Written by Nancy J. Mellem, freelance writer and publishing specialist who has specialized in college and university career guide production for more than 20 years.


If you are interested in purchasing the full article or have questions, please contact Nancy J. Mellem.

This article will be available to Nan Mellem Publishing clients via the Article Library. It was originally published in its entirety on LinkedIn.

Full Article Length: 2 pages (1 page of text, 1 page sample handbill)

Word Count: 735

Price for Use: $75

Terms and Copyright: One-time (non-repeating) payment for use in one specific print publication and a single online version of that publication (must be presented in its entirety). Writer’s credit will be published with all versions of the article. Writer grants non-exclusive rights to the article in print and online form as stipulated above. Nan Mellem reserves the right to license the article to other publications, and to use the article in its entirety on her own website/social media at a later date. Copyright © 2019 Nancy J. Mellem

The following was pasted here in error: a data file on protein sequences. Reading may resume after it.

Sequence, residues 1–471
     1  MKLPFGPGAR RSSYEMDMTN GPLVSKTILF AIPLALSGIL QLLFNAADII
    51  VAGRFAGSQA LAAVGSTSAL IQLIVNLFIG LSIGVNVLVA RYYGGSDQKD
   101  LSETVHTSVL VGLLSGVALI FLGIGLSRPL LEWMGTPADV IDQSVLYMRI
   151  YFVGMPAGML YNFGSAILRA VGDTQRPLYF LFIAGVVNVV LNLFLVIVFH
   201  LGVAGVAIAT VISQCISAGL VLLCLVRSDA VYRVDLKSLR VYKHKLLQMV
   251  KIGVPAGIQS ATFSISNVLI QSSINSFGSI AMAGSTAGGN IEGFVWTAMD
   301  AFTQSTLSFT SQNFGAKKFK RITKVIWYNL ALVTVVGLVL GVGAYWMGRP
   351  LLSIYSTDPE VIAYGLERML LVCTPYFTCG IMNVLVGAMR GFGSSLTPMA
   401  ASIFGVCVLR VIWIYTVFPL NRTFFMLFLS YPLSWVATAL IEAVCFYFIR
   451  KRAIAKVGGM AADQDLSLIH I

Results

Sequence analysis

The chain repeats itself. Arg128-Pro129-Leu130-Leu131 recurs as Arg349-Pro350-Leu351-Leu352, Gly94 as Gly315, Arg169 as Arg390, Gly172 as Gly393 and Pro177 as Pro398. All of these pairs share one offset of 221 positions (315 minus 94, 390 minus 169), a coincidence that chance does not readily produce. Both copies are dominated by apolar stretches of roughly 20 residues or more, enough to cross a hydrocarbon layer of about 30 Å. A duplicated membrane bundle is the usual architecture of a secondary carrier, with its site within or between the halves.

New Article Available—”Guided Networking”

You’ve heard the statistic often—85% of jobs are found through networking. That is a huge percentage, and it means we should be engaged in active networking throughout our career.

First thoughts when considering your network will likely include close friends, family, and colleagues. Second thoughts can drift to large rooms filled with candidates and employers making “cold” introductions to each other—a thought to fill introverts (candidate and recruiter alike) with horror and despair. Don’t give up on this one, you can do it!

Of course, LinkedIn is a go-to source for the job seeker and, bonus, a boon to the introvert. Most career advisors will tell you that LinkedIn is a crucial job search tool. Despite this, many people interact with LinkedIn infrequently and/or incompletely. Not fully developing your LinkedIn profile or failing to engage with the community will put you behind in your job search when and if you are needfully searching.